What happened to licking the bowl?  And Waffle Day?   And Easter Egg hunts?  And the next and the next,  till the eggs were lost until next year’s spring rain washed them down from their perches in trees and on fence posts?


Life was perfect?  No.  But 99.99999% of the time is was darned close.  Was I perfect?  Was their dad?  Were they?  No. No. And, no.  Were they beaten or ignored or did they suffer for lack of love?  No.  Were they starved or shackled or encouraged to the point of despair?   No.  Did we love each other and move forward, together?  I thought so.


Growing up means growing out and growing on.  For all of us.  That is the goal, right?  Now, though,  I believe, there is such a thing as loving too much.  Not wanting to run their lives, not wanting to be first and last and everything in between.  But just being ourselves, tied as family, bringing new family into our safe and precious circle.   Being a forever family may just be too much.  I suffer sadness and pain, not because they forget to call,  or because they are living full lives.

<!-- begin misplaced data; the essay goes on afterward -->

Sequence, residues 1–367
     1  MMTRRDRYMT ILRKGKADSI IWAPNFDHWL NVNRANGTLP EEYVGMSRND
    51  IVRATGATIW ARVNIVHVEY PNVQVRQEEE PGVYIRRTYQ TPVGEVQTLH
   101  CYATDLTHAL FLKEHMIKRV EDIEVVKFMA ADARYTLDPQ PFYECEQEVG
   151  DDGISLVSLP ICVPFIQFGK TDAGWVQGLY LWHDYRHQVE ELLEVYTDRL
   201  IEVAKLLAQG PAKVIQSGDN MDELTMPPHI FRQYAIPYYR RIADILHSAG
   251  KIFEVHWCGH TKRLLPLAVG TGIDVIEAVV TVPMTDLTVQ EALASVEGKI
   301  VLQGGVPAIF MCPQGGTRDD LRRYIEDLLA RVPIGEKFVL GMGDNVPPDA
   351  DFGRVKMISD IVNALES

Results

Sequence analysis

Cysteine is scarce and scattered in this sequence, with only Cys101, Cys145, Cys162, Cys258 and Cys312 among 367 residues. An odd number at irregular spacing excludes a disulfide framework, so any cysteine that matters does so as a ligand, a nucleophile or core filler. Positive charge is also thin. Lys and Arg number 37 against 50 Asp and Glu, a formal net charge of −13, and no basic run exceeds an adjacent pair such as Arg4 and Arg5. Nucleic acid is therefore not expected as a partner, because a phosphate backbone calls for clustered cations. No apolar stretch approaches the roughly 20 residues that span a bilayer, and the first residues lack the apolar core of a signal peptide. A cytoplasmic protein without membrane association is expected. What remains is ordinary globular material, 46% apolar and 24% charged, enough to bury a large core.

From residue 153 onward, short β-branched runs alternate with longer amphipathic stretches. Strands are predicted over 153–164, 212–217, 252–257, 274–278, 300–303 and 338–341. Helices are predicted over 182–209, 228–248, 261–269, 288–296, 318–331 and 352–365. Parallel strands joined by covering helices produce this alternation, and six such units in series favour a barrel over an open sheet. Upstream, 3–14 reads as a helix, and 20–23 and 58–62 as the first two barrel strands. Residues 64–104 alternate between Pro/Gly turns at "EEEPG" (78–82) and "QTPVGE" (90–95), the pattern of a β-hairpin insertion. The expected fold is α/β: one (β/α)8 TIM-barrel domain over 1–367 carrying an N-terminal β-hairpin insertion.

What I suffer is abandonment.  Aggressive and purposeful abandonment.  I was too available,  I laughed too loud, played too hard, supported them too much, all those years.  They want none of me now, and to be certain of that, they stay far away.  No calls, no notes, no, “I’m thinking of you” moments.  Other moms, less joyful, less fun, less happy and engaged and involved, those moms get some love.  I shall envy them always.


I won’t regret loving too much.  I’ll just know to watch myself in the future.